COAS General Kayani has said that the army respects the elected institutions, and wants public representatives, elected through free and fair elections, to serve the nation. He said this to Chief Election Commissioner Mr Justice (r) Fakhruddin G. Ibrahim on Thursday. Mr Justice Ebrahim called on General Kayani on Thursday at GHQ to thank him for the services rendered by the armed forces during the election on May 11, and to ask for further army assistance in the form of provision of security, this time for the Sunday re-polling in Karachi, on some polling stations of NA-250. He also discussed the security plan for this re-polling with the Director General Military Operations. It does need pointing out that the COAS should not engage in discussing politics, but it must also be pointed out that what he said was an indication that the army was not going to repeat the mistakes of the past and was not attempting to take power.

It should have been realised long before that the army was in search of guidance, such as during the Salalah crisis, and it needs to be understood that the military requires the political authority to set it its tasks. That political authority must be properly elected. It needs to be noted that the request for assistance in Karachi has come after the Sindh caretaker government has said that it cannot arrange for a secure poll. The army is not just fulfilling its duty as the state machinery’s force of last sort, but it is also showing the world that it stands committed to the democratic process. In the process, it will also show that it is subordinated to the political authority, especially as it is duly elected, and thus constitutionally constituted. The nation has too often witnessed the military’s search for legitimacy in periods of military rule. It is, therefore, more than welcome to witness this search proceeding now, through undisputed constitutional and legal means. The provision of security in Karachi is thus not merely an exercise in providing security, but evidence to the nation of its commitment to democracy.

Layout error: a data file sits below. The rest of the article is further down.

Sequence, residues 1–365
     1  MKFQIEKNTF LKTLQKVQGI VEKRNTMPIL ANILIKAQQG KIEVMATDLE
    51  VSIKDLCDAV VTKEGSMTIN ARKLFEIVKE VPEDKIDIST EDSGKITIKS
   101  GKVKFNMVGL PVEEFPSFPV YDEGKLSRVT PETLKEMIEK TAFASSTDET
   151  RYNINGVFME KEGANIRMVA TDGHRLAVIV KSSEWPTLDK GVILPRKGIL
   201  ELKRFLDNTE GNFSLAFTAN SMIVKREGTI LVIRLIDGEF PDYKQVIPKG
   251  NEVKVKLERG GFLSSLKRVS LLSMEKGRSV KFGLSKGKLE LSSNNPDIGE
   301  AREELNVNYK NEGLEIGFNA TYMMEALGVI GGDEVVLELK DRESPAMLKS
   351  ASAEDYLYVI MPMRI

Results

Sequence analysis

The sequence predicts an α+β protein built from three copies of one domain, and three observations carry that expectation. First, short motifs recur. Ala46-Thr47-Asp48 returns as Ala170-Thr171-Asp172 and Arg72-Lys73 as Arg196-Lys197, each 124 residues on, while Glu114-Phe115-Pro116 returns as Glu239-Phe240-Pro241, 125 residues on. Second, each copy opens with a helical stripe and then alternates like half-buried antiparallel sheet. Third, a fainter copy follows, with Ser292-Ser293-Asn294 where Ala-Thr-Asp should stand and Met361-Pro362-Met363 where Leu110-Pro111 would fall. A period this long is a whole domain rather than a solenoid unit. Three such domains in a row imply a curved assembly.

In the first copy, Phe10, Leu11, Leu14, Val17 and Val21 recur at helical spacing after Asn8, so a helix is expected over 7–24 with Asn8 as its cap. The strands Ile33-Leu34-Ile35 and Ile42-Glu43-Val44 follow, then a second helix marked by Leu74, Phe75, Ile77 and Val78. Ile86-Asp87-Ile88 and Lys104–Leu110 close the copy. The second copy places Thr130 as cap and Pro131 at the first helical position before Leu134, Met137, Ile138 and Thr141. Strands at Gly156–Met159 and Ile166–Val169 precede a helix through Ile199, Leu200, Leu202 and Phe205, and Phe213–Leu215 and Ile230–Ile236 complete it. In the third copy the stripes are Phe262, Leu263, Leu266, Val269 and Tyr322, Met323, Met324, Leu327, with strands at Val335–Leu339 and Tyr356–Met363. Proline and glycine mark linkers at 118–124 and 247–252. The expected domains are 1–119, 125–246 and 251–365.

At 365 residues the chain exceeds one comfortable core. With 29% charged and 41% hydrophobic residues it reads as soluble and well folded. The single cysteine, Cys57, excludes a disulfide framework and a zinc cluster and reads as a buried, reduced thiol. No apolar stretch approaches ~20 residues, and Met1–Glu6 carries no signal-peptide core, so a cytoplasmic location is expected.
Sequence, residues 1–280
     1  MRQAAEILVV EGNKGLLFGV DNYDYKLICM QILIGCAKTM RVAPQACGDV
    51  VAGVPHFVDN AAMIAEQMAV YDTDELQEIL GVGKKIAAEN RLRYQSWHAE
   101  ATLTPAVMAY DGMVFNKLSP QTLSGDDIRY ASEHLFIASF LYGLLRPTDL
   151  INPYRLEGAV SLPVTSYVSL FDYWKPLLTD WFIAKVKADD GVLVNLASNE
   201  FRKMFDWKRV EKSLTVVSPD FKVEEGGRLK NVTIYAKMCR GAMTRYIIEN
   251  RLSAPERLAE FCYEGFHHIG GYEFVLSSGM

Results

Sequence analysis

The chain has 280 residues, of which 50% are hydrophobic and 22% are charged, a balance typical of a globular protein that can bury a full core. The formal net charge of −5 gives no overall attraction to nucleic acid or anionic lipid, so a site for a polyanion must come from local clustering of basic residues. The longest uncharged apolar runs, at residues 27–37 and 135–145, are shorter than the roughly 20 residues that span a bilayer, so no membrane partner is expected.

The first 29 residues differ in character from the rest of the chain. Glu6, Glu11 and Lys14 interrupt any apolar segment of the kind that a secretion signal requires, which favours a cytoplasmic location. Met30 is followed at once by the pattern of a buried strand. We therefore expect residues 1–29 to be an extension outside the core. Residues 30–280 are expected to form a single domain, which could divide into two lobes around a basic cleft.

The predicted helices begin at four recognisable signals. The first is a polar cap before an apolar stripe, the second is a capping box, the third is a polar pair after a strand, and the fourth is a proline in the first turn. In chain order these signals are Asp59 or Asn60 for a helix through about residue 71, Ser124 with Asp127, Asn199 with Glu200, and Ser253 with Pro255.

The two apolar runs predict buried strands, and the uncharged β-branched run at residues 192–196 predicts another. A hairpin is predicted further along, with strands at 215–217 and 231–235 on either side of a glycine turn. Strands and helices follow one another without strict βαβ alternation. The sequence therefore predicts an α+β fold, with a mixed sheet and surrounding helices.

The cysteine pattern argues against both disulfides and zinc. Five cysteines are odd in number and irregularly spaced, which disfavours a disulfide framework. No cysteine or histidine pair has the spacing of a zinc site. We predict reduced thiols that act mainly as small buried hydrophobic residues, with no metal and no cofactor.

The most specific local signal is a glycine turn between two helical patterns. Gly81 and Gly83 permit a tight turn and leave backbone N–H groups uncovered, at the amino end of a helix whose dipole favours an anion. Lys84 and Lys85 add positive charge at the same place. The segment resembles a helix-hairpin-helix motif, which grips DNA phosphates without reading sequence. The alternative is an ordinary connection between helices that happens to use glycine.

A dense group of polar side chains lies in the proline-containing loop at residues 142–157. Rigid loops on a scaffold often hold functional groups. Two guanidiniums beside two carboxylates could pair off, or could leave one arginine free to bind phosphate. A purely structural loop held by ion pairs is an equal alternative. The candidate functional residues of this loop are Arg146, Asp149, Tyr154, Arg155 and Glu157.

The role of the political forces cannot be ignored, especially of those elected. They must provide the armed forces with the guidance they require, and set the policies they must implement, as well as provide them the resources they need to do so. Past failures of the system have come from gaps in it opened up by politicians who have been neglectful of their duty and over zealous generals eager to superimpose their will on the system. However, the re-polling is important in itself, for the people of the constituency deserve the correct representation.